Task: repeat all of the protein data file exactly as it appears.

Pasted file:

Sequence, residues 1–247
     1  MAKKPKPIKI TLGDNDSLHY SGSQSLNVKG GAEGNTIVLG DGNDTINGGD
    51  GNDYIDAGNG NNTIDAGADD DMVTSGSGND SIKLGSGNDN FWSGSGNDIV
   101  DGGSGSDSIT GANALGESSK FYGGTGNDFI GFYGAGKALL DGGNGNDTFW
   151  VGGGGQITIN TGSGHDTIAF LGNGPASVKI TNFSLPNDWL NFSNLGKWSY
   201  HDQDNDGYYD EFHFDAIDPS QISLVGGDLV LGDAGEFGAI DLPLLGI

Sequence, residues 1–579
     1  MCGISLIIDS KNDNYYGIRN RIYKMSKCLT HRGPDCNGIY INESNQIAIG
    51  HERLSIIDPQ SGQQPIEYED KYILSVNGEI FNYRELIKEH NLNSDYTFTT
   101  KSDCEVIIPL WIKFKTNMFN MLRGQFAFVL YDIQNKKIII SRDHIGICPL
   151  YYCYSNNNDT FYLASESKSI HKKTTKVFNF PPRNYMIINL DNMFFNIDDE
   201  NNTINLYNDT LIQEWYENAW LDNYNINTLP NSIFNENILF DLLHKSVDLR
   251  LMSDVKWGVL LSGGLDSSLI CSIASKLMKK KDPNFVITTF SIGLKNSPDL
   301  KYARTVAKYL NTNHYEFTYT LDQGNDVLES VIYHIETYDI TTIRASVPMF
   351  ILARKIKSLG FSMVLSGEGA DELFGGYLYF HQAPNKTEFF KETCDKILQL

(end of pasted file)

Sequence, residues 1–247
     1  MAKKPKPIKI TLGDNDSLHY SGSQSLNVKG GAEGNTIVLG DGNDTINGGD
    51  GNDYIDAGNG NNTIDAGADD DMVTSGSGND SIKLGSGNDN FWSGSGNDIV
   101  DGGSGSDSIT GANALGESSK FYGGTGNDFI GFYGAGKALL DGGNGNDTFW
   151  VGGGGQITIN TGSGHDTIAF LGNGPASVKI TNFSLPNDWL NFSNLGKWSY
   201  HDQDNDGYYD EFHFDAIDPS QISLVGGDLV LGDAGEFGAI DLPLLGI

Sequence, residues 1–579
     1  MCGISLIIDS KNDNYYGIRN RIYKMSKCLT HRGPDCNGIY INESNQIAIG
    51  HERLSIIDPQ SGQQPIEYED KYILSVNGEI FNYRELIKEH NLNSDYTFTT
   101  KSDCEVIIPL WIKFKTNMFN MLRGQFAFVL YDIQNKKIII SRDHIGICPL
   151  YYCYSNNNDT FYLASESKSI HKKTTKVFNF PPRNYMIINL DNMFFNIDDE
   201  NNTINLYNDT LIQEWYENAW LDNYNINTLP NSIFNENILF DLLHKSVDLR
   251  LMSDVKWGVL LSGGLDSSLI CSIASKLMKK KDPNFVITTF SIGLKNSPDL
   301  KYARTVAKYL NTNHYEFTYT LDQGNDVLES VIYHIETYDI TTIRASVPMF
   351  ILARKIKSLG FSMVLSGEGA DELFGGYLYF HQAPNKTEFF KETCDKILQL